Gastronomic Tourism - Guide for implementation (Part 1)

Planning process

Gastronomic tourism

Gastronomy is the reasoned knowledge of what we eat and how we eat it. An area of ​​interdisciplinary knowledge that studies and generates processes, physical-chemical, cultural and socioeconomic where human beings cultivate, process, distribute and consume good food and beverages that affect their physical, mental and social well-being.

La gastronomy It has always been part of tourism, but its relationship in recent decades has changed significantly. In recent years, we have witnessed a phenomenon in which the great interest in gastronomy has meant that the tourism-gastronomy relationship has evolved towards new models, giving rise to a new tourism segment - gastronomic tourism.

Gastronomic tourism is an integral part of local life and is shaped by the history, culture, economy and society of a territory. This carries a natural potential to enrich the visitor's experience, establishing a direct connection with the region, its people, its culture and its heritage.

Interest in gastronomic tourism has grown in recent years along with its intrinsic promotion of regional identity, economic development and traditional heritage. Having identified their competitive advantage, more and more destinations around the world are seeking to position themselves as gastronomic tourism destinations.

This guide has been developed by the UNWTO by the Basque Culinary Center (BCC). It is a set of practical tools to support the development of gastronomic tourism at the destination level.

The planning of gastronomic tourism

Gastronomic tourism planning does not differ substantially from planning of any other tourism product or segment, neither in terms of functionality, nor in relation to the work process, although it does in terms of the wide and diverse range of actors that must participate in its preparation.

The methodological development that will be followed in the design and drafting of a Strategic Plan for Gastronomic Tourism follows a classic methodology that must incorporate participation mechanisms of the agents related to the activity, and which is generally specified in the following major phases:

Previous phase: Launch of the project. It defines the work team, scope, and methodology of the project, the main milestones and the work schedule.

Phase I: Insights and diagnosis of the current situation. Phase oriented to the knowledge of the tourist context of the destination, of the current and potential situation of the tourist activity related to gastronomy in the territory, and to be able to identify its deficits and potentialities. This diagnosis takes into account the identification of the favorable and unfavorable conditions that affect the gastronomic tourism activity that will be addressed during the planning process. For this, among other aspects, the following will be analyzed:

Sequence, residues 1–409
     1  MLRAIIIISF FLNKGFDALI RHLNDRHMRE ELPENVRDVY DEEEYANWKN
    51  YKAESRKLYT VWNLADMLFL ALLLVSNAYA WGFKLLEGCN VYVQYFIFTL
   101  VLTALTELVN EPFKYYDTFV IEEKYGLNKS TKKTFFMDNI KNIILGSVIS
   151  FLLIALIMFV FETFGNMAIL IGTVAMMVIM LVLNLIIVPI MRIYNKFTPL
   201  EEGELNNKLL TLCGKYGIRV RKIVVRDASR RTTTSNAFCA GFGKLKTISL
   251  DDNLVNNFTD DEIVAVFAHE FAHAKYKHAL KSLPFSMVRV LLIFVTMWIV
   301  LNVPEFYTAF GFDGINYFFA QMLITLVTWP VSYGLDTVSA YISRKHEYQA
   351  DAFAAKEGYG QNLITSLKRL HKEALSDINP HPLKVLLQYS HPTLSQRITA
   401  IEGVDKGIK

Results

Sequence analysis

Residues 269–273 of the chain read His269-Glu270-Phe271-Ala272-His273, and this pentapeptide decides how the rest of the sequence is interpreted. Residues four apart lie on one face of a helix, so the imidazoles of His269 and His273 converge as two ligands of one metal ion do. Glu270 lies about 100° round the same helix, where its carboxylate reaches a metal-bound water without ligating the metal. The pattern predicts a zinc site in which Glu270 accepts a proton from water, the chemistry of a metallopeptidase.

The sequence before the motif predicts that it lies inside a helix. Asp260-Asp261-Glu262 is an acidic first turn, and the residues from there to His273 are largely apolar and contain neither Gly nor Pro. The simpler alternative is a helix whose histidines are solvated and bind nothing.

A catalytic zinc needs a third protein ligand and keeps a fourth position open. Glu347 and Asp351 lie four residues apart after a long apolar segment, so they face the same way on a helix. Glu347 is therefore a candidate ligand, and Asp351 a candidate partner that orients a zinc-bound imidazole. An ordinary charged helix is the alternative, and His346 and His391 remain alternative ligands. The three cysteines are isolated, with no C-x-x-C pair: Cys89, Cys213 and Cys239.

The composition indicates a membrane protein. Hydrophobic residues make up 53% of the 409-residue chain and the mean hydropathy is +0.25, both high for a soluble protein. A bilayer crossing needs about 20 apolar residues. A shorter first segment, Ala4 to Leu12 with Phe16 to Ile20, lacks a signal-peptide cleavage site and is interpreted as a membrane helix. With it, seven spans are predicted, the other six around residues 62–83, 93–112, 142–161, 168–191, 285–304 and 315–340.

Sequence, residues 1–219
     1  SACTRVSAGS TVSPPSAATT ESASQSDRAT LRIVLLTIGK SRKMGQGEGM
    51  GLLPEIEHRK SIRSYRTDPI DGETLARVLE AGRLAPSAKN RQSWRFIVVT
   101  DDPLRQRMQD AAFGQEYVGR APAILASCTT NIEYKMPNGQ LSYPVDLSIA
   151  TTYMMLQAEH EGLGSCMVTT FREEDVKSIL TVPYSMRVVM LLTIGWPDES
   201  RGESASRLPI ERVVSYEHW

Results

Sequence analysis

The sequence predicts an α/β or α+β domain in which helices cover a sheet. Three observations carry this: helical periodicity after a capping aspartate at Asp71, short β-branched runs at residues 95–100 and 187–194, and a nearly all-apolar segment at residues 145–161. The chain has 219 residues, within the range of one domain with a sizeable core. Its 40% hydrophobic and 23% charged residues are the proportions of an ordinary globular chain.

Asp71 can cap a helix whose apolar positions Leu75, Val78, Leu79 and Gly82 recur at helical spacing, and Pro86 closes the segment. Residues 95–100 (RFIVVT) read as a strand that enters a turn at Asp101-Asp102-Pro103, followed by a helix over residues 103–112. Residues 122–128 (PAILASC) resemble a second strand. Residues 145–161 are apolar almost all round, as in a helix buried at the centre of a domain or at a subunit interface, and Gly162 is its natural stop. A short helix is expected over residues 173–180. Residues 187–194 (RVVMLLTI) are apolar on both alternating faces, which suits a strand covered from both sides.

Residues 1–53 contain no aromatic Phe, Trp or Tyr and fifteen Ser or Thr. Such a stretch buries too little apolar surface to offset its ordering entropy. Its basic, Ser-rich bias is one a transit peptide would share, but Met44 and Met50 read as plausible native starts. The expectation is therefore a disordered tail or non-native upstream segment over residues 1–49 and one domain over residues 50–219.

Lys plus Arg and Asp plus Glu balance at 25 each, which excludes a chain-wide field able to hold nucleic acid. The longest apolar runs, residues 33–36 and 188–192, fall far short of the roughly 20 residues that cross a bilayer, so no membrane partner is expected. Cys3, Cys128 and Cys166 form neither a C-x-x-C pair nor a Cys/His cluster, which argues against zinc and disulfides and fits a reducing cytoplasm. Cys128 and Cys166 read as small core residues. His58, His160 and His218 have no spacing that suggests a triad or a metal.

1. From the internal point of view:
  • Territorial and tourist context of the gastronomic tourist product,
  • Inventory and evaluation of all gastronomic resources,
  • Analysis of the tourist offer and its gastronomic component,
  • Analysis the promotion and marketing of gastronomic tourism,
  • Identification of agents that are part of the gastronomic tourism model, and Identification of gastronomic tourism products, enclaves and spaces of special value or differential value.
  1. From the external point of view:
  • Analysis trends (tourism, food, management of the restoration, gastronomic tourism),
  • Analysis of the real and potential demand for gastronomic tourism,
  • Analysis of the gastronomic positioning of the destination, and
  • Competitors analysis.

Phase II: Strategic formulation of the Plan. A complex but key phase and a determining element in the definition of the way forward to achieve the established objectives, which is elaborated from the previous diagnostic phase and in which participation and consensus among actors, including the community, is essential. local.

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Based on all this, strategic recommendations for the future of gastronomic tourism will be proposed for the destination, which should allow visualizing the desired scenario in relation to the areas of intervention in order to increase the competitiveness of the destination, and how it should be projected in the main markets and the different target audiences, to ensure that the development and sustainable growth of gastronomic tourism revert to the territory as a whole and to the sector directly involved as well as to the local communities.